Problems develop when the newly diagnosed type 2 diabetic is resistant to the treatment required to successfully manage the condition. This can be due to either abject denial on the part of the patient, or simply benign neglect due to forgetting to take one’s medication. Too, other lifestyle changes are required above and beyond insulin treatment. Controlling one’s blood pressure, changing one’s diet, giving up tobacco and alcohol, as well as losing weight – these can all be challenging lifestyle changes in and of themselves. But for the diabetic, they are essential if one wishes to go on living, or avoid the serious complications that can develop. Such complications can include becoming blind or developing gangrene, due to a loss of sensory input in the feet, with subsequent injuries becoming infected.
Most forms of diabetes are chronic and incurable, and will require insulin treatment for life, as well as the requisite lifestyle changes. Yet type 2 diabetes can often be prevented from developing, if the condition is caught while it is still developing from what is termed Metabolic Syndrome, or pre-diabetes.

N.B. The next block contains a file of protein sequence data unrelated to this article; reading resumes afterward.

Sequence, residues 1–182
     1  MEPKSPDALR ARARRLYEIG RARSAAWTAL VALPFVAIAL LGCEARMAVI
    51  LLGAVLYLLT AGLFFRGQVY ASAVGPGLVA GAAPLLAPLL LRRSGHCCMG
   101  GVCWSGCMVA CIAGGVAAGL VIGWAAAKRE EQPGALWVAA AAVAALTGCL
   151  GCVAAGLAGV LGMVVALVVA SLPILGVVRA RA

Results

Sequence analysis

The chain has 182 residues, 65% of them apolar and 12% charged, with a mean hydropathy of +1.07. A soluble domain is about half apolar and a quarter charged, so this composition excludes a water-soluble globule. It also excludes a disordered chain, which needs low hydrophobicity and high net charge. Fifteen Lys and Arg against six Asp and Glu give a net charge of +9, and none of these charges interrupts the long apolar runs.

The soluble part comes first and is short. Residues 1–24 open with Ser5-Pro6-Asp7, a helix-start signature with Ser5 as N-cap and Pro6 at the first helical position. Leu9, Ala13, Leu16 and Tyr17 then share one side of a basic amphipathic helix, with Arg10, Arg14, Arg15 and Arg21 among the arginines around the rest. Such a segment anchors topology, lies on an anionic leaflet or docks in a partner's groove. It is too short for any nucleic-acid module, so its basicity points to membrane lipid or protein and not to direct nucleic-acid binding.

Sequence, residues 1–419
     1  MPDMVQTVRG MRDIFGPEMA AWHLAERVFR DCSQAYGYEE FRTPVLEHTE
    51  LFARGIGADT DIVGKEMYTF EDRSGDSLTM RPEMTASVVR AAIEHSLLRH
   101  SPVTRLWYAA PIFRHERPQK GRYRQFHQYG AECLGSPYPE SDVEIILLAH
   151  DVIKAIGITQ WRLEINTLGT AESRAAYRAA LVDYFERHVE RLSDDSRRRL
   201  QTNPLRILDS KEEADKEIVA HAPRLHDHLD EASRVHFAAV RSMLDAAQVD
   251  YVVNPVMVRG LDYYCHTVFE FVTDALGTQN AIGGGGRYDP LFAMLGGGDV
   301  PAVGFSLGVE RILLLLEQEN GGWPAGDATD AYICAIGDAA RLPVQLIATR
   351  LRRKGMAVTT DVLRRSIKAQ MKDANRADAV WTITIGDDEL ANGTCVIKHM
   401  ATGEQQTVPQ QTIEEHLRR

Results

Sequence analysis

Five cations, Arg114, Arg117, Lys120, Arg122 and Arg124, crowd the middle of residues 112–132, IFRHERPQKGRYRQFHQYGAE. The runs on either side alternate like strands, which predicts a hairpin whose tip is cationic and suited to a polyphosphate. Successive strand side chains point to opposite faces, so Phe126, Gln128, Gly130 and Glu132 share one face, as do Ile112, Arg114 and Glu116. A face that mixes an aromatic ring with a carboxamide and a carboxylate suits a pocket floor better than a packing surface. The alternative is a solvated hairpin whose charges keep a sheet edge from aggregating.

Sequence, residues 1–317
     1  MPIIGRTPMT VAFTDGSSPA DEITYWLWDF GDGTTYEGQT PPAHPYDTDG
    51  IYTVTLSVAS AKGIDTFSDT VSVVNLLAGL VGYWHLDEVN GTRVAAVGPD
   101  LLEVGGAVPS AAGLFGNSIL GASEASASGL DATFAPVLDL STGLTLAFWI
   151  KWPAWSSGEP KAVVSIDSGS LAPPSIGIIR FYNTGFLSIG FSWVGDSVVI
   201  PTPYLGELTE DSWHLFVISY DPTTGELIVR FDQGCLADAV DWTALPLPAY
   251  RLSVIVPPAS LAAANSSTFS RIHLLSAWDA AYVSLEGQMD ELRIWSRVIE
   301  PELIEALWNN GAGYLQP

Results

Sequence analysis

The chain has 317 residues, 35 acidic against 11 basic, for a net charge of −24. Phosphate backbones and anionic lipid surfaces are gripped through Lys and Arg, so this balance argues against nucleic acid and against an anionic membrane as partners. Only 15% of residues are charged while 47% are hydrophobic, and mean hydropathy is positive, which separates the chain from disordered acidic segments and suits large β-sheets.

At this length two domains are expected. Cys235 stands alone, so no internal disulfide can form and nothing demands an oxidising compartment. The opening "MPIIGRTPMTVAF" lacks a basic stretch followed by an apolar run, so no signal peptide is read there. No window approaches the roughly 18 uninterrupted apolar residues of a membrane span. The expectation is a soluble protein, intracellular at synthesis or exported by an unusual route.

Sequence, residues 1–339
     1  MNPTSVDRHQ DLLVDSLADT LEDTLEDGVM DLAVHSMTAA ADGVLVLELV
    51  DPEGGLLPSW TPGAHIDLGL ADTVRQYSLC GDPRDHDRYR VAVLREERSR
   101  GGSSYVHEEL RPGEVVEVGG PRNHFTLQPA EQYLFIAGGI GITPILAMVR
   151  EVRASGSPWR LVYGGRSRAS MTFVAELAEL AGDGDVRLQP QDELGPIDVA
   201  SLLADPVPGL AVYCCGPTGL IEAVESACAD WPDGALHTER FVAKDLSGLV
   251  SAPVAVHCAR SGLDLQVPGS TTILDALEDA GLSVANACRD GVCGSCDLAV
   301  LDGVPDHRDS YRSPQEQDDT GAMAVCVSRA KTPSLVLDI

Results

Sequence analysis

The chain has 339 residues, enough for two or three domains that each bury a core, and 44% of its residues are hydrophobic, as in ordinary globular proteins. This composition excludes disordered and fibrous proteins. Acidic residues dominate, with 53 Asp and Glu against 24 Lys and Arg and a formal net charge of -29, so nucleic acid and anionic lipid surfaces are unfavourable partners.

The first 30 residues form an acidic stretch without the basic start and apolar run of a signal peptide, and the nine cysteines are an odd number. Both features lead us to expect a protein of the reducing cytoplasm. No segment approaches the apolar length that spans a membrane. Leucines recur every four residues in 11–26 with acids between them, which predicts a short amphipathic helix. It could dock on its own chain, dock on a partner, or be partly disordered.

When you are pre diabetic, your body is in the process of developing insulin resistance. Your blood glucose levels will be elevated and your doctor may tell you that you have “impaired glucose tolerance”. Around 41 million Americans have this condition, and if left untreated, there is a better than even chance one will go on to develop type 2 diabetes. The same factors that give rise to type 2 diabetes also are associated with Metabolic Syndrome, to include lack of exercise, being overweight, one’s race, age and family history. A blood sugar level above 100 but below 126 automatically yields a diagnosis of impaired glucose tolerance; a reading of 126 and above typically results in a diagnosis of type 2 diabetes.